India is becoming a major economic power in the world with an ever increasing demand for industrial automation. The country has more than 1.2 billion habitants now, and by 2050 it is expected to be the most populous country in the world with the third largest gross domestic product – right after China and USA.

As India’s manufacturing sector rapidly expands, competition between manufacturers forces them to adopt advanced automation solutions to produce higher quality products in larger number with less human intervention[fusion_builder_container hundred_percent=”yes” overflow=”visible”][fusion_builder_row][fusion_builder_column type=”1_1″ background_position=”left top” background_color=”” border_size=”” border_color=”” border_style=”solid” spacing=”yes” background_image=”” background_repeat=”no-repeat” padding=”” margin_top=”0px” margin_bottom=”0px” class=”” id=”” animation_type=”” animation_speed=”0.3″ animation_direction=”left” hide_on_mobile=”no” center_content=”no” min_height=”none”][1]. The size of the Indian economy, the changes in the age structure of the population and the relatively high economic growth make the Indian subcontinent an important market of the future. Only a few years back, there was no need for automation technology in India – but today, it has a growth potential of more than 10-12% per annum. Nevertheless, there are still market constraints to overcome: missing or poorly developed infrastructure and the lack of quality of the technicians will complicate sustained growth.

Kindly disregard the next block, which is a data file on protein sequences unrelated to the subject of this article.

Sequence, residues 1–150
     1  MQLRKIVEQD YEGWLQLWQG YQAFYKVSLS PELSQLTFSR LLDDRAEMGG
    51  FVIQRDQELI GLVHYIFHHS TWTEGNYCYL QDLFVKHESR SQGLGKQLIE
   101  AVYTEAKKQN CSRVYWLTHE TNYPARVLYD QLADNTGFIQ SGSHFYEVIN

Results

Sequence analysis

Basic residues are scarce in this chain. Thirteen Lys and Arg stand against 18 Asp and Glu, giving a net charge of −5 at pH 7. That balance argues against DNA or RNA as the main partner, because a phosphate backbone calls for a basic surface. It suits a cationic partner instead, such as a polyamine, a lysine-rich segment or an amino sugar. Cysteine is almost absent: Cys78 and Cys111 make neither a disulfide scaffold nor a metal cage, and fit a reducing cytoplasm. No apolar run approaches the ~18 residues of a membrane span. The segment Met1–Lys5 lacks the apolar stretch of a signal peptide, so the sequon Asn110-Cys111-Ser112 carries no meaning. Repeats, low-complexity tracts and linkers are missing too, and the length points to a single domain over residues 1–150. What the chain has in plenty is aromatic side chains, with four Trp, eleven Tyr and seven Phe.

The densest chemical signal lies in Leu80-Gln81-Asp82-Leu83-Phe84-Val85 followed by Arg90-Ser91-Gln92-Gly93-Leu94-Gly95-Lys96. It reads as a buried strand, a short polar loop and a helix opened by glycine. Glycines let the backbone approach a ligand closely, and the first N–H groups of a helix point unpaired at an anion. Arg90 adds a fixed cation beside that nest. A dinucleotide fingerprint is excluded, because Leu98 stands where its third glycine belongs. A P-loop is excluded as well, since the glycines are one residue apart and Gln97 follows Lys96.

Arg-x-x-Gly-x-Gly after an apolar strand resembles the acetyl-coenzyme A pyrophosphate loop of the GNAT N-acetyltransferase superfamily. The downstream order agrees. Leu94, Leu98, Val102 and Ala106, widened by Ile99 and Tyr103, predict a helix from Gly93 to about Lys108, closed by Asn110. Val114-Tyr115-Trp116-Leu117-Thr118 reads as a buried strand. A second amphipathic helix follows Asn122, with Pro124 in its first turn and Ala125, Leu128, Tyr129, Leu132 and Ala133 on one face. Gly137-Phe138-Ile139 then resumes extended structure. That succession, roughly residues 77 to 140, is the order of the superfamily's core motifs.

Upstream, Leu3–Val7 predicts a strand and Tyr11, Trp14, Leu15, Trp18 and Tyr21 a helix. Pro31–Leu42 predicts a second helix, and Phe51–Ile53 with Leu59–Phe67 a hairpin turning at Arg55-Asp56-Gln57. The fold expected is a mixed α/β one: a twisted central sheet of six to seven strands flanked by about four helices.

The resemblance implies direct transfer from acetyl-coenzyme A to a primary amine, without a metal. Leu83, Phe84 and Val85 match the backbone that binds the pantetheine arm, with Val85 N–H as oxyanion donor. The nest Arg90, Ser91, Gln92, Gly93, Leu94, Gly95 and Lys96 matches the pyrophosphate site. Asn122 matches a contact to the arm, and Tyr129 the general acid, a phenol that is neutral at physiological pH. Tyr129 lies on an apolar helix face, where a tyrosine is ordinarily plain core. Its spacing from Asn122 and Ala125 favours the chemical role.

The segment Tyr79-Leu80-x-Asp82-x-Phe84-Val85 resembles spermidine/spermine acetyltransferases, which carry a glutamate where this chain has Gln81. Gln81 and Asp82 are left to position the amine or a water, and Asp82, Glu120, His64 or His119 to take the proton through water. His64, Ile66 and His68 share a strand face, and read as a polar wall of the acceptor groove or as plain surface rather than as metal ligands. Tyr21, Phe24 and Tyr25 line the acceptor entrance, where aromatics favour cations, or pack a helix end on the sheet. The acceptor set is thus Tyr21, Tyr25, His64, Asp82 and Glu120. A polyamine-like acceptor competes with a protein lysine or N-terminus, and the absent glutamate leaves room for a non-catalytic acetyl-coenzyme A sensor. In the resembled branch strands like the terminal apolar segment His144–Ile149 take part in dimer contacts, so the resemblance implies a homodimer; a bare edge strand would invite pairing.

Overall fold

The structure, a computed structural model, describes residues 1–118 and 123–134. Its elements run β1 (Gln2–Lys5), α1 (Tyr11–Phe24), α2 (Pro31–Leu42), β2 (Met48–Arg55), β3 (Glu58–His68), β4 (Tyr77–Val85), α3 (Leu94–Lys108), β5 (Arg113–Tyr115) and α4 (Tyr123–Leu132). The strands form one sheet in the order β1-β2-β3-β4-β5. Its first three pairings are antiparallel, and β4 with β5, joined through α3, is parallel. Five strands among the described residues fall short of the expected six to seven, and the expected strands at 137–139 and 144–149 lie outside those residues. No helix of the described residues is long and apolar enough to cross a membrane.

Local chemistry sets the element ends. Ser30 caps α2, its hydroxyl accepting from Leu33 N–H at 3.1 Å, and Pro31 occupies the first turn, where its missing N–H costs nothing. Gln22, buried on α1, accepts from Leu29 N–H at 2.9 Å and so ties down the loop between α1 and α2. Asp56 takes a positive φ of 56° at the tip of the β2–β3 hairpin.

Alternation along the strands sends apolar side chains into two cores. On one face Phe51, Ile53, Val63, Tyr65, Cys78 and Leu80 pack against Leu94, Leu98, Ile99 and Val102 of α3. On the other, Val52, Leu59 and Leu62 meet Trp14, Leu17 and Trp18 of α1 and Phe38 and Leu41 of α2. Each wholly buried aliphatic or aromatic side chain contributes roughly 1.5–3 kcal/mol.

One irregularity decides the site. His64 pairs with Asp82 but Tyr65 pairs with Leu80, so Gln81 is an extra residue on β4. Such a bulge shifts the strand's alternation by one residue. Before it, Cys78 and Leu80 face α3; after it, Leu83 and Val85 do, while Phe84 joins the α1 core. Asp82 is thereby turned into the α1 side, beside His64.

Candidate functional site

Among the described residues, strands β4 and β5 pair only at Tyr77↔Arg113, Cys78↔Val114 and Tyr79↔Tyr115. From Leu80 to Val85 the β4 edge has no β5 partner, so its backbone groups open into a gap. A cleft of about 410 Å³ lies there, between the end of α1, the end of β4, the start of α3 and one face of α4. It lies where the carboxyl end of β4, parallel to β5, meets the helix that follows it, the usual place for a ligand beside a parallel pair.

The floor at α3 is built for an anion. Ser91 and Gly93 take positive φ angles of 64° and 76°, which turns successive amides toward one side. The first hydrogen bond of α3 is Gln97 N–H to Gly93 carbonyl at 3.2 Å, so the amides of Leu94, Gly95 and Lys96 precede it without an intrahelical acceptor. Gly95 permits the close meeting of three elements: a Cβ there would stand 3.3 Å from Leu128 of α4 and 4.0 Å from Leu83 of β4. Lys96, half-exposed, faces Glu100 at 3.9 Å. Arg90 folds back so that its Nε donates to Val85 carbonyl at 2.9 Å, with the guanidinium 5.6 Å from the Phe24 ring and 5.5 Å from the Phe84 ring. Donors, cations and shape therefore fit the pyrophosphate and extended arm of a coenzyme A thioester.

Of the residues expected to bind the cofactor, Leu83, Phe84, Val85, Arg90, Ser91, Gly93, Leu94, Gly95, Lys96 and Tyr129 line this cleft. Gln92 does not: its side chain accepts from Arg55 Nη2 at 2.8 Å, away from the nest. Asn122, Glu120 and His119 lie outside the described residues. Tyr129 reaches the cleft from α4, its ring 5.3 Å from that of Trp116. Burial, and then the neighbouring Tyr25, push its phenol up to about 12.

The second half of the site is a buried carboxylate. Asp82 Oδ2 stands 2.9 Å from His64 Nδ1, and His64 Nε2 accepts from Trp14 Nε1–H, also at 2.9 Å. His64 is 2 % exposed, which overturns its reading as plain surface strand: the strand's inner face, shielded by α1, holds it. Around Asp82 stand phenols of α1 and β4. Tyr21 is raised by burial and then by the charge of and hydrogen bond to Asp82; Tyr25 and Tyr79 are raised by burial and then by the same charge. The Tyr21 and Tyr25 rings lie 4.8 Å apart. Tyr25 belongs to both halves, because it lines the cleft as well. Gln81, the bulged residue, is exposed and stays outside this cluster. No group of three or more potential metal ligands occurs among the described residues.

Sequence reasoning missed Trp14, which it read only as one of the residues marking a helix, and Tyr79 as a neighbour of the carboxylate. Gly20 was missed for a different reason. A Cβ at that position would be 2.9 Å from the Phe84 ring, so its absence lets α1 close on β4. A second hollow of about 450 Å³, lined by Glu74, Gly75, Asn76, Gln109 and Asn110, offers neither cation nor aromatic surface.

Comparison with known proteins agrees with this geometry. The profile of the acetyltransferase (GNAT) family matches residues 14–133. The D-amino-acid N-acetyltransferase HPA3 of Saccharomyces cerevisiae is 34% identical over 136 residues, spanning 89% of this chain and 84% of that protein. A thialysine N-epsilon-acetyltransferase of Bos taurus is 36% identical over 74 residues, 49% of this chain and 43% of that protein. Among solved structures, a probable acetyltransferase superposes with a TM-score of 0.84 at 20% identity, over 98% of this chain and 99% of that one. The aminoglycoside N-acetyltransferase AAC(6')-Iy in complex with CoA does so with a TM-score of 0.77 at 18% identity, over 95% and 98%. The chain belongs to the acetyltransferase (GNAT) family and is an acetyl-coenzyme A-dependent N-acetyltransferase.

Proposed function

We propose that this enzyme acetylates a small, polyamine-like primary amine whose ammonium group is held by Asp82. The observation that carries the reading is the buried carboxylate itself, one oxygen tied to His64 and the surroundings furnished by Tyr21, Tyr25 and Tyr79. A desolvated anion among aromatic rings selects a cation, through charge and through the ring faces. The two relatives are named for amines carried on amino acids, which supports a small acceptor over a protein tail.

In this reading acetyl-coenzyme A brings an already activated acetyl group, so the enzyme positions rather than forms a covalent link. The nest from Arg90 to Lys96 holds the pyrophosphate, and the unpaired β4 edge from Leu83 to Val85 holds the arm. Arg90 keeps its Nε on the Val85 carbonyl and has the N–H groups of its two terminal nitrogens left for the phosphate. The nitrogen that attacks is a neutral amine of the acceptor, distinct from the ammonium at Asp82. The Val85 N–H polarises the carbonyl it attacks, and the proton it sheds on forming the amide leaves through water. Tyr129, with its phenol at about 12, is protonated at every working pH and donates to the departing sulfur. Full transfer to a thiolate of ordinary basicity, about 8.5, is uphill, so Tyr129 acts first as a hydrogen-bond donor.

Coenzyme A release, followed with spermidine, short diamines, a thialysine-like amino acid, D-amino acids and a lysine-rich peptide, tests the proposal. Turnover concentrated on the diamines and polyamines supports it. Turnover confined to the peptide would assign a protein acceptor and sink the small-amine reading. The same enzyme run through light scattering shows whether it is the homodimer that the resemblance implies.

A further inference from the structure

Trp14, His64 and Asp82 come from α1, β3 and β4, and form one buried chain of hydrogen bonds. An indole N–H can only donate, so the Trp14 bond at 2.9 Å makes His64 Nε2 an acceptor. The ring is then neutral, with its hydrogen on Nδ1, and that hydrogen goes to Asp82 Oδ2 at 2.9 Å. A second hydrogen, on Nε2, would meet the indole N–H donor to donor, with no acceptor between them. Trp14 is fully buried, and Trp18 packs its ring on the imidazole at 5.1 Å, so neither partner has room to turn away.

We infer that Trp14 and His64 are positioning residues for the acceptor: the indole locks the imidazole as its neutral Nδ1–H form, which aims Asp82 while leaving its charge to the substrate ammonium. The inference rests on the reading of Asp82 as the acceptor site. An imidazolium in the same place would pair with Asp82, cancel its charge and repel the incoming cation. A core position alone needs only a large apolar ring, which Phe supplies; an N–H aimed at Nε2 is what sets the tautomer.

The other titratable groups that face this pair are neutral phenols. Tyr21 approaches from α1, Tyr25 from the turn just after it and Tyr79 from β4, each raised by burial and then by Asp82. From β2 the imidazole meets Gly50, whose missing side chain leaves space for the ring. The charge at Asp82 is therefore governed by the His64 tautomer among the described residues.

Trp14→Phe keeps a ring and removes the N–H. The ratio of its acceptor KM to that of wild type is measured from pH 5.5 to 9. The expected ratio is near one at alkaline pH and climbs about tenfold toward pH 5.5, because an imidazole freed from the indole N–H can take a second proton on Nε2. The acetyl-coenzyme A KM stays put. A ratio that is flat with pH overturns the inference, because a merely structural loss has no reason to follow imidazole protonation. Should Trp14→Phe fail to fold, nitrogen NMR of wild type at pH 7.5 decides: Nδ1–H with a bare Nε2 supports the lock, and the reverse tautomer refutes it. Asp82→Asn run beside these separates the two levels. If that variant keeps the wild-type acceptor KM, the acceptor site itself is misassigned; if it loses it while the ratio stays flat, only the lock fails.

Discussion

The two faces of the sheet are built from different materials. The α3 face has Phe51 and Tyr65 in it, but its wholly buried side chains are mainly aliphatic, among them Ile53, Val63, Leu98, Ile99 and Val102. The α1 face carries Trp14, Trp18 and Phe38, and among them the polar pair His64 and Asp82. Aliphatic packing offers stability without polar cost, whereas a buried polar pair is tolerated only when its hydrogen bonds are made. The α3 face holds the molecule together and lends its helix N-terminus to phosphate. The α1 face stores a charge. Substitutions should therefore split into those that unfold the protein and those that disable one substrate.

Indian economists have a great hope on the new government of Prime Minister Narendra Modi and his “Make in India” campaign, where the focus lies on a simplification of production processes for foreign investors. The share of industrial production in GDP is expected to rise from the current 15% to 25%. That implies an immense rise in demand for automation technology and technical education and training as well.

For the near future, economists see great growth potential in the consumer electronics, biotech/pharma, water, food and automotive industries – all of which can benefit from higher automation. The development of Indian infrastructure and industries such as agriculture, education and other consumer goods provide great growth opportunities as well.

India’s automation fits into the wider picture where the Asian market for automation technology has been one of the fastest growing markets in the last couple of years – led by China, Korea and India. This trend is expected to continue (according to Desmond Teo, Senior Vice President Region Pacific Business of Festo Group), and the Make in India campaign gives foreign investors an opportunity to get a foothold in one of the top countries in this fast growing region.

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[1] Mr. Vikas Chadha, Managing Director, Honeywell Automation India Ltd. and Indian leader, Honeywell Process Solution (HPS)